Here is a wonderful pinot noir called Nature 2015 from Alsace producer Rieffel, now with Lucas and André in charge. Today the estate covers 10 hectares, all organic certified. The 30 year old vines are planted in soil of clay and alluvial sandstones. The fermentation is spontaneous and goes on for seven months in 228L barrels. It’s really fresh, juicy and quite full, with just enough structure to match a wide variety of food. After this I wanted a red with darker fruit, and I suggested syrah. On the counter was a Stellenbosch syrah, that was already opened, so I went for that one. The Liberator The Francophile 2015 (Dreyfus Ashby) was ok; a somewhat warm blackberry fruit, earthy with some spice, mouthfilling with rounded tannins.

 

The door is permanently closed at The Office (Kontoret). The Wine Office has opened.

 

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Visiting Finca Montepedroso, Rueda

At Finca Montepedroso we met winemaker Lauren Rosillo and Marta Martínez Bujanda (of the family that owns the winery).

Montepedroso is a beautiful farm on a plateau overlooking the Rueda village. It was bought in 2008, and a functional winery built in the typical materials of the area opened four years later.

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They manage 25 hectares of vineyards with an average of 20 years, at an altitude of 750 meters. This is a one wine farm, dedicated to one single variety, the verdejo, and only 120.000 bottles are made annually.

Here are three types of soils: alluvial soil on top of the plateau accounts for 70%, clay soil in the gorge where the oldest vineyards are planted, and a soil with a large quantity of lime and clay sediments.

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We are on the central Castilian meseta, with cold and long winters, short springs with late frosts and hot and dry summers. The vines find water and nutrients deep down the  subsoil, and the wide temperature gives freshness and acidity to the wine.

The fermentation starts without addition of yeasts. Lauren says that for him this is the only way. And worth mentioning here is that the typical features for the verdejo are green apple and grass, and that the tropical aromas found in many verdejos are from added yeasts, according to the winemaker. The fermentation at Montepedroso lasts typically for 19 days at 16ºC. Then the must rests over its fine lees for five months with weekly stirring. The wine is completely dry, but the lees add a sensation of sweetness. Lauren says that he aims for acidity, varietal character – and a low alcohol (here typically 12-12,5).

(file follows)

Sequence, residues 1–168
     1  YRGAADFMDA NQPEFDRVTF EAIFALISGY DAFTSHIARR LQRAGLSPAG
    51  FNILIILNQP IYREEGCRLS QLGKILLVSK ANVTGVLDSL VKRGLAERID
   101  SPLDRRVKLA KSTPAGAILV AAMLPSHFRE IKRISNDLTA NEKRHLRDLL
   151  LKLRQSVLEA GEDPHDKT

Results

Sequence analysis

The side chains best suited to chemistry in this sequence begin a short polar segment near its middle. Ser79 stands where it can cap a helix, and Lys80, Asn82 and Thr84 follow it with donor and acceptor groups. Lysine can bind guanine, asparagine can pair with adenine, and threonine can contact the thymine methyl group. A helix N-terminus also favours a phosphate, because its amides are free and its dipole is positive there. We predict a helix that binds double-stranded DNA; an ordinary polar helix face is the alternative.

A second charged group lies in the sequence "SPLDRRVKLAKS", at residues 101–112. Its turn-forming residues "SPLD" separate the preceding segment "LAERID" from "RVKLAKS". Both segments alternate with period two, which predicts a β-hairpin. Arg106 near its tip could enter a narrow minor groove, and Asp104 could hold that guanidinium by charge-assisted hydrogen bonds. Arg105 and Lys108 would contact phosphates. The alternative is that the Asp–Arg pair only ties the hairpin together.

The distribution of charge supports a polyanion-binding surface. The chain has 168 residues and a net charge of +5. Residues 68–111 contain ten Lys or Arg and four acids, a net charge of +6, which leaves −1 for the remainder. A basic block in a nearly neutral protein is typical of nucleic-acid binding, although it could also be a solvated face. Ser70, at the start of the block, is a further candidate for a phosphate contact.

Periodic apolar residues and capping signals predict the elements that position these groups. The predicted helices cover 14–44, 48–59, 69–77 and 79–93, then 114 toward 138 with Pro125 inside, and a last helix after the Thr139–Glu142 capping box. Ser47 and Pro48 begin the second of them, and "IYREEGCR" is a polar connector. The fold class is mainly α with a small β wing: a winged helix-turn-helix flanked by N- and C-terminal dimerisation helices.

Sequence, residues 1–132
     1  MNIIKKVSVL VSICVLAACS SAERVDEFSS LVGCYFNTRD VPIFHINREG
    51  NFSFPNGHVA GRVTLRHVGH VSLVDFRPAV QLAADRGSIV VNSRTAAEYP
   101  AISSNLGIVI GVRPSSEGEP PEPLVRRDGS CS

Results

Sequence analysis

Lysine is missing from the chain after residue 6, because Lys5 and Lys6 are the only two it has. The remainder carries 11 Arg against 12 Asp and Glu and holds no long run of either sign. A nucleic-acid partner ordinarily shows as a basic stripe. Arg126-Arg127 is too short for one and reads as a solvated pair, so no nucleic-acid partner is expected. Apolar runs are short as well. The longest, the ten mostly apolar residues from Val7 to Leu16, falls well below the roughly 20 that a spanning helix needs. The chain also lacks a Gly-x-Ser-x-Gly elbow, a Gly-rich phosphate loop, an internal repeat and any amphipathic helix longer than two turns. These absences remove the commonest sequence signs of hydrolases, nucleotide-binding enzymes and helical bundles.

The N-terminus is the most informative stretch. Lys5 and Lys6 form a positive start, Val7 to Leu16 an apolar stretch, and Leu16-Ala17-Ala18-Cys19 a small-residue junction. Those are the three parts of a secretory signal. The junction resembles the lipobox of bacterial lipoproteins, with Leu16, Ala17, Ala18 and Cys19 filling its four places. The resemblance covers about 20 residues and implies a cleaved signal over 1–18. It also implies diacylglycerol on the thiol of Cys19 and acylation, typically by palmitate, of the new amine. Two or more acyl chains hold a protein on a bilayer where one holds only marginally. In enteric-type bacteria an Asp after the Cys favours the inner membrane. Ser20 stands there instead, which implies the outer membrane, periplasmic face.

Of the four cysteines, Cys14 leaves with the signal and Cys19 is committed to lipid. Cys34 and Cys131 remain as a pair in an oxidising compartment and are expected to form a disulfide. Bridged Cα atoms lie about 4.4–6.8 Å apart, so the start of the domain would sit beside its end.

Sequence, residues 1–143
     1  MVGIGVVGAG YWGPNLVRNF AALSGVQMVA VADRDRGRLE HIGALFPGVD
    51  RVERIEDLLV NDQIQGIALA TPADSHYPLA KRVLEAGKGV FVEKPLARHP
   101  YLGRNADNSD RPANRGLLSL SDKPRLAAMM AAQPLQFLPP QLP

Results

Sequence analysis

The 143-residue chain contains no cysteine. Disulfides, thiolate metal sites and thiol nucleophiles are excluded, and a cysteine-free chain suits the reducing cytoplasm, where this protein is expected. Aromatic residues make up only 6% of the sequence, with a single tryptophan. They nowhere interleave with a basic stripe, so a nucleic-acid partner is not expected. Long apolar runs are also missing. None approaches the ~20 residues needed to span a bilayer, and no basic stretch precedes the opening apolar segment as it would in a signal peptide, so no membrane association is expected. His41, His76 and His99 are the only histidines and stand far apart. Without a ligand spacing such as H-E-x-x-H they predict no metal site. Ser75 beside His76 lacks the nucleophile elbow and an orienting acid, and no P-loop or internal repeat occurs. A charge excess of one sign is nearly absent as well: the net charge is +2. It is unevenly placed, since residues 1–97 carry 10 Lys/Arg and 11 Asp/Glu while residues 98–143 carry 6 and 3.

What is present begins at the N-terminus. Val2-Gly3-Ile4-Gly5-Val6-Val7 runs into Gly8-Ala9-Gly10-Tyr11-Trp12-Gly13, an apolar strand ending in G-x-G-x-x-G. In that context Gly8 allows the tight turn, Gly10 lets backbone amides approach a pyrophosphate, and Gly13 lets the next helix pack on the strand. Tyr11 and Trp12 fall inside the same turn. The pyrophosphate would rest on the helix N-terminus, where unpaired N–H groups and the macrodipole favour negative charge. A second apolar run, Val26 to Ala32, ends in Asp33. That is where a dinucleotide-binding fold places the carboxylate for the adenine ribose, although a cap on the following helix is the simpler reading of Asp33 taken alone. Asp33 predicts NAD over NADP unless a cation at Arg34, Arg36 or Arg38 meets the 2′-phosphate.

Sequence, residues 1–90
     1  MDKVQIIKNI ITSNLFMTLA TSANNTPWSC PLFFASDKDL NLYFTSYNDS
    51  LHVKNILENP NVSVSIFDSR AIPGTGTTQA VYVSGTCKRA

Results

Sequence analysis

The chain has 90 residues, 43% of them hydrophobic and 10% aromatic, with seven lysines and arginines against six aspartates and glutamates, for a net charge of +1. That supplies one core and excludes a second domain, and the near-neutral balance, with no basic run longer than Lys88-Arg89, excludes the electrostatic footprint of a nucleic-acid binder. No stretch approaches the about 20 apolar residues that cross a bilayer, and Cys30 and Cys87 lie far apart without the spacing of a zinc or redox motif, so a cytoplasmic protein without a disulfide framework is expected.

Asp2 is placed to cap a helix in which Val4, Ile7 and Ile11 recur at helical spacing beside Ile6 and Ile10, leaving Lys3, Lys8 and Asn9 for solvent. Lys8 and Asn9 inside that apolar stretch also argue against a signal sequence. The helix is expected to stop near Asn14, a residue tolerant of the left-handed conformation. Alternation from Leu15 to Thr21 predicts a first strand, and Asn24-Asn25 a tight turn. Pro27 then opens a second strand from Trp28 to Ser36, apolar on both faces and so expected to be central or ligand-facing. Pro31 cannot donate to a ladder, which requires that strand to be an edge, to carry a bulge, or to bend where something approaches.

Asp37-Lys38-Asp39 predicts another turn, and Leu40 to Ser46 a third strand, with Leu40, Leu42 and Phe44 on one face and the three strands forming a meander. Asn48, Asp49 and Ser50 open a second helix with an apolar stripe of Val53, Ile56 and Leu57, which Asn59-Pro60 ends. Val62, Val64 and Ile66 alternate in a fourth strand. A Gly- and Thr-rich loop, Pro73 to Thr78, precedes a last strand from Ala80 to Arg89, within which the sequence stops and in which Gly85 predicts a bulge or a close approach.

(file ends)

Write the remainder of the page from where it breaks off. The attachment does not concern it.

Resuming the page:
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Marta and Lauren, with Rueda village in the background

We first tasted the most recent vintage, Finca Montepedroso 2016. This is light yellow with a greenish hint, aromatic with notes of green apple, apricot, fennel, white flowers and hay. It has both volume and structure in the mouth, and a fresh balancing acidity. In sum a personal verdejo, but in a traditional line.

We also tasted the 2010, the first vintage of the wine, to see the development. 2010 had frost during spring, and the production was low. This wine was more golden, still flowery, but with mature sensations of honey and a touch of petrol. Very fresh and appealing.

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We also tasted a few wines from Martínez Bujanda‘s other projects. Their single estate in Rioja is Finca Valpiedra, 80 hectares between Fuenmayor and Cenicero at an altitude of just over 400 meters, where we find alternating Atlantic and Mediterranean influences. This is the only Rioja estate to be included in the organization Grandes Pagos de España. Both wines are predominantly tempranillo, but with presence of other Rioja varieties, such as graciano.

Cantos de Valpiedra 2013 had a cherry red colour, an aroma of dark fruits, blackberry, fennel with slight hints of vanilla. In the mouth it was quite full, and a decent level of acidity gives freshness and contributes to the balance. The Finca Valpiedra Reserva 2010 had a slightly darker, intense black cherry colour. The aroma was complex with red and dark fruits, balsamic, a touch of smoke, and some vanilla, spices and tobacco from the oak-ageing. The tannins are still there, but they are rounded off by age, it’s fresh and delicate, and with a good balance between fruit and wood.

20171015_105231 Lauren and Marta with some of the visitors

During the travels through the many great vineyards of Spain Finca Antigua was a “love at first sight” experience, according to both Marta and Lauren. This is close to where the winemaker lives, in the Cuenca province towards the border of Toledo. We find scrubland, vineyards and forest, and it’s easy to maintain the eco-diversity. It’s a vast farm in Castilla-La Mancha with an altitude over 900 meters, one of the coldest part of the meseta, and extreme variations between day and night. They decided that varieties well-apted for this land were merlot, syrah, petit verdot and cabernet sauvignon, together with tempranillo (formerly known in Central Spain as cencibel) and other national grapes.

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The wines have cool elegance and freshness, and the wines improve with age. But even with full phenolic maturity the alcohol levels rarely exceeds 14, not even in the hottest years. The Finca Antigua 2012 (a crianza of 50% tempranillo, and the rest merlot, syrah and cabernet) was a dark, cool wine, with aromas of chalky minerals, almost milky (from the malolactic, I guess), fresh berries, and in the mouth it had a creamy structure and then a wonderful acidity. The Reserva 2010 (70% merlot, complementet with cabernet and syrah) was also a dark and cool wine, with cherries and berries from the woods, balsamic (mint, eucalyptus), herbal (thyme), with a slightly tougher structure than the crianza.

Sidestepping: Please read here about Lauren’s solo project in Málaga, where I met him for the first time.